Leaving the war and rations in the past, this decade excelled in luxury and glamour. Fashion icons of this decade include Audrey Hepburn, Grace Kelly, Marilyn Monroe, and many more women who changed fashion forever, by experimenting within the bounds of fashion.


Fashion in the 1960s became increasingly more casual. “Hippie” style was all the rage.

1960s styles continued experimenting with more elaborate patterns, following the new influence of Space Age style and youth influence.

Skirt suits became very popular at the time, a staple style for First Lady Jackie Kennedy. Matching sets, put together with many matching accessories, were very stylish during this decade.

‘Swinging London’ was the term coined for the decade. Mary Quant, a designer leading the phenomenon, spotlighted fashion and music in a way that attracted youth. It was a playful, childlike style that differed from the more formal trends of older Americans.

The miniskirt — a staple of this era of fashion and every decade after — was popularized at this time. This garment took a much more youthful spin on longer, below-the-knee skirts that had been worn by women for many decades.

These designs were simple yet creative, and classy yet playful. Boutiques had a groovy atmosphere that drew in young people, helping to mainstream these designs. The Beatles, The Who, and Twiggy were all influential in fashion during this time.

Sixties styles also paid tribute to scientific progress. Both fashion and interior design took on a more futuristic look, and began exploring new fabrics like polyester, PVC, and acrylic. Catsuits, patent leather, gogo boots, and undefined waistlines were all popular styles of the decade. “Mod” design and hippie styles were considered street styles.

This decade was a new dawn of fashion, completely changing the trends of previous decades that changed fashion culture. Fashion icons of the time include Twiggy, Audrey Hepburn, Diana Ross, and Jackie Kennedy.


The 1970s is an iconic decade for hippie styles, and fashion in general. This was a continuation of the 60s, making fashion even more accessible to everyone, at various price points.

Synthetic fabrics were popularized at the time, making the 70s known as the “Polyester Decade.” 

The fashion of the 1970s was an exploration of different styles while also looking back and taking inspiration from other decades.

Hippie fashion, extravagant disco outfits, and prairie dresses were all trendy styles during this time. This style became a way of rejecting mainstream fashion through handmade materials and design, but was still adopted to runways by high fashion designers. Elements such as patchwork, quilting, beading, crochet, and embroidery became popular.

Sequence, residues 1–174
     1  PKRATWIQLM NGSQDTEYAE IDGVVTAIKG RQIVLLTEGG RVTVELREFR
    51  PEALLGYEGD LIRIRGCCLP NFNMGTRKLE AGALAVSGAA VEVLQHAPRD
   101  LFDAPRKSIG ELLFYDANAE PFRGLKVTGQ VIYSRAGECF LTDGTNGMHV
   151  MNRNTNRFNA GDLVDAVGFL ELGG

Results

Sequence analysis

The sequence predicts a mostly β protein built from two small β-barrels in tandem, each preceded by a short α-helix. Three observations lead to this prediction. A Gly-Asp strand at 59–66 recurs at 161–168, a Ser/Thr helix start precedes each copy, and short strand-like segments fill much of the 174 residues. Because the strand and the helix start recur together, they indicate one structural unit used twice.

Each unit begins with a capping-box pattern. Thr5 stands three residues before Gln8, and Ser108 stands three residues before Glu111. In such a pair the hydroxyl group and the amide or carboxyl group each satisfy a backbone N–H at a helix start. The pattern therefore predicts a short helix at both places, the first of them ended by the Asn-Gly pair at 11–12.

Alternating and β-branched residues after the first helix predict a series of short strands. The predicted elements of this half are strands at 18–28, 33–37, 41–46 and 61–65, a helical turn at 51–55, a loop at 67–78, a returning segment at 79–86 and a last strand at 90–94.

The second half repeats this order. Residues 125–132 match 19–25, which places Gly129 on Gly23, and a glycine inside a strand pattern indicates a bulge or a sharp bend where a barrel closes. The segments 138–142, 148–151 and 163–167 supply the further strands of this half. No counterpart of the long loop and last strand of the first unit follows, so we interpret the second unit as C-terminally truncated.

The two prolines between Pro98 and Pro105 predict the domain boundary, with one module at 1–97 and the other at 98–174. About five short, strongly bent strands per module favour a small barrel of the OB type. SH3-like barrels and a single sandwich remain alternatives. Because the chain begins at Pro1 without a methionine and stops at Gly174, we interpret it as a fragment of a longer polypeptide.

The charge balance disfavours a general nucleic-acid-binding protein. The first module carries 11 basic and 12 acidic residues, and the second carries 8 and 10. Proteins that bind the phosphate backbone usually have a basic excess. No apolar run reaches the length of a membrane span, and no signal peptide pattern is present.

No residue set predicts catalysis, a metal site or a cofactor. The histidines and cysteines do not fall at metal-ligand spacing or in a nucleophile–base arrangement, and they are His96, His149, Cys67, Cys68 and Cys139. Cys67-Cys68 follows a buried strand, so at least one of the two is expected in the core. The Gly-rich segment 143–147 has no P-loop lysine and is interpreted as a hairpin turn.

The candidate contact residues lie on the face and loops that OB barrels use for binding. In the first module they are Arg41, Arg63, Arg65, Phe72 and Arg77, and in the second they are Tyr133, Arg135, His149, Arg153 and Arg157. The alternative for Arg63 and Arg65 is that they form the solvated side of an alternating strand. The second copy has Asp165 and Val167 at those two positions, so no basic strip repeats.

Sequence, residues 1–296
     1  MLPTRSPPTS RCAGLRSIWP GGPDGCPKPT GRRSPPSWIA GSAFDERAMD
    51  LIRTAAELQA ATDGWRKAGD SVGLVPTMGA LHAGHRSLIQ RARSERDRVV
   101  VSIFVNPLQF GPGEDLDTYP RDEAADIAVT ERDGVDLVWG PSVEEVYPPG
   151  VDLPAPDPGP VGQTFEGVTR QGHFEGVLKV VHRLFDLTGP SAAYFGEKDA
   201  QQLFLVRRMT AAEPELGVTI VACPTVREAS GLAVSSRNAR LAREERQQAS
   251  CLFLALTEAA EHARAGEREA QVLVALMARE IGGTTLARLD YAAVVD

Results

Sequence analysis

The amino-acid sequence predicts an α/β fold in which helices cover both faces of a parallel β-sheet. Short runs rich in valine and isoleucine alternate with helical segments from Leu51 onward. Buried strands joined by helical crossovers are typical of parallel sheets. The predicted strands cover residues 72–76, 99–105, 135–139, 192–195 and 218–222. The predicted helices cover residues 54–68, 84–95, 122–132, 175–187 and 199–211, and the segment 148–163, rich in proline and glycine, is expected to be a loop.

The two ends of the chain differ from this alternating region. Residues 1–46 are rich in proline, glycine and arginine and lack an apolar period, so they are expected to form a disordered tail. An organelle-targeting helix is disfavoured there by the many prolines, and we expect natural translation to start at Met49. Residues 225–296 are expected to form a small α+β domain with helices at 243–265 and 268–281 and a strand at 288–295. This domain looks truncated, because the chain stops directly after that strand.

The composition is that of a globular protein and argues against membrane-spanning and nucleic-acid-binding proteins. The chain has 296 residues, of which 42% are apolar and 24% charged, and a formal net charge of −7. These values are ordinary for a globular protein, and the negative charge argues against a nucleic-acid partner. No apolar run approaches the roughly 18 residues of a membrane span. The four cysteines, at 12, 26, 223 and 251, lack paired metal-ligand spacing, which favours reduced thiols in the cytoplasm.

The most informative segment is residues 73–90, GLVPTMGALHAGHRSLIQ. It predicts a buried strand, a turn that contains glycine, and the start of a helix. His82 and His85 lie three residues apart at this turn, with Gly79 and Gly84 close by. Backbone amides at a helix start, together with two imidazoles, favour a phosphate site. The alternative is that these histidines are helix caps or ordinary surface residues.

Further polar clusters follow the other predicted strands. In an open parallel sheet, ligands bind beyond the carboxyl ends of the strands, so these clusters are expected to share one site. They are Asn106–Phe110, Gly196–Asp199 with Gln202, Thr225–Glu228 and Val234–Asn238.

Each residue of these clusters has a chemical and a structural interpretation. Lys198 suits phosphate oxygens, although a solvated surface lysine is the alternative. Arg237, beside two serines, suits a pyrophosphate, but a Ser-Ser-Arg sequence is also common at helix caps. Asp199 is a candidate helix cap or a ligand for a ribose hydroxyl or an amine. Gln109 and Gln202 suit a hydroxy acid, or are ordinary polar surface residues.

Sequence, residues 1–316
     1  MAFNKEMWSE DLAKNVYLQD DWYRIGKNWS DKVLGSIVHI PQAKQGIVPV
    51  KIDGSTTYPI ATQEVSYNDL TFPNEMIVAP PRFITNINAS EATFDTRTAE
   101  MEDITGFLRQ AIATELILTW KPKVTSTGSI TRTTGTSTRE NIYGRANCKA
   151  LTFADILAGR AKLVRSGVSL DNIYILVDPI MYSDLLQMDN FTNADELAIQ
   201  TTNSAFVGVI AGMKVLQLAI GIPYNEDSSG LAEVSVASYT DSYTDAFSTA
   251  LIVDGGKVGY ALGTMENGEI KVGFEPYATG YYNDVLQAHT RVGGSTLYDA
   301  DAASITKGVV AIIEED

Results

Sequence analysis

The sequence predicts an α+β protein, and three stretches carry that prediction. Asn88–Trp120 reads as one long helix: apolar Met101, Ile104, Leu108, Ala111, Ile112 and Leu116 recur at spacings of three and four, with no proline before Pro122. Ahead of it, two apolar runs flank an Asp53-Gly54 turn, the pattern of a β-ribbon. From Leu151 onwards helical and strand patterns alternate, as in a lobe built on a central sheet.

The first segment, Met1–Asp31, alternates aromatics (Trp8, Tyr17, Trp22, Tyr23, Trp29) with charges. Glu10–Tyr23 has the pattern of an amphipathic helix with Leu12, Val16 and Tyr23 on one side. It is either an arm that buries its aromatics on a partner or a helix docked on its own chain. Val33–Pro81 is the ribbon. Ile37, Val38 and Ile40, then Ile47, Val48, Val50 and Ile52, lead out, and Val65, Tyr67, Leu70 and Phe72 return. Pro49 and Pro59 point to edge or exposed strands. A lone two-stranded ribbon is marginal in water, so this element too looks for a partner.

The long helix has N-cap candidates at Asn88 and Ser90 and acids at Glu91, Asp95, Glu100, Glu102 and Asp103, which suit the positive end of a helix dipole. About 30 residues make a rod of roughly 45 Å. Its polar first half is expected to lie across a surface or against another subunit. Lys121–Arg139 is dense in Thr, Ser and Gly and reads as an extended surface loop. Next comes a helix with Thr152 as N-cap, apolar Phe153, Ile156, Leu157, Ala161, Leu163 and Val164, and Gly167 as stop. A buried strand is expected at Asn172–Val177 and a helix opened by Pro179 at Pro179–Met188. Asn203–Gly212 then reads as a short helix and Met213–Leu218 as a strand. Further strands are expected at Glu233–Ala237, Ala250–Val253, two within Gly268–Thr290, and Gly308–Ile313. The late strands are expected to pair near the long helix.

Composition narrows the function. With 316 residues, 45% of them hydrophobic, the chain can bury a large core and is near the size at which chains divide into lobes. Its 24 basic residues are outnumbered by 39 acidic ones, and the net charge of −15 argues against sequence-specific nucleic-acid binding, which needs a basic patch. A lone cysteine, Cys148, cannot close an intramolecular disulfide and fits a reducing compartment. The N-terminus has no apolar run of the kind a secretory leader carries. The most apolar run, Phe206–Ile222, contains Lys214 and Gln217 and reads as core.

The prairie style was a look back in history, incorporating midi-length skirts and dresses and floral patterns, a mix of both Victorian and hippie trends.

Through the popularization of the disco in the 70s, satin, sequins, polyester, and velvet were staples of increasingly glamourous nightwear.

Miniskirts, dresses, and shorts, also referred to as “hot pants,” could be found in any closet.

There was also a shift from heels to sandals because of the uproar of dance at the time.

Womenswear became simultaneously more influenced by menswear and feminine styles. Some style icons of the time include Bianca Jagger, Farrah Fawcett, Iman Abdulmajid, Debby Harry, and Liza Minnelli. The 1970s influenced fashion for the coming decades and will continue in the future. It was the boom of trends that set the stage for both high fashion and everyday wear.


The 1980s style was dominated by stylish sportswear.

Women wore dance-inspired clothes like off-the-shoulder sweatshirts, leg warmers, and leggings, which were both comfortable and trendy. Jersey materials and tight-fitting clothes were commonly seen in both the runway and everyday life.

This decade brought about the “New Romantic” style.

Fashion designer Vivienne Westwood helped to popularize the trends of puffed sleeves, huge accessories like belts and necklaces, overall a very bold and extravagant style. Princess Dianna’s wedding dress reflects a lot of the popular styles of the 1980s.

As women gained their role in society at this time, a pant and blazer or blazer and skirt combination became common, often referred to as “power dressing” became a thing. Women rose in ranks and had to reflect their positions of dominance using padded shoulders and bold accessories.

Leather was a fabric heavily used in the 1980s and hit the runway by Christian Lacroix, a new designer.

Daywear at this time assumed the title of “preppy,” a look popular to this day. It was a spin on traditional menswear: blazers, knit sweaters, and button-downs. This was a collegiate style mostly worn by wealthy teens.

The most legendary style icon of this decade was Princess Diana. She is the embodiment of 1980s fashion trends.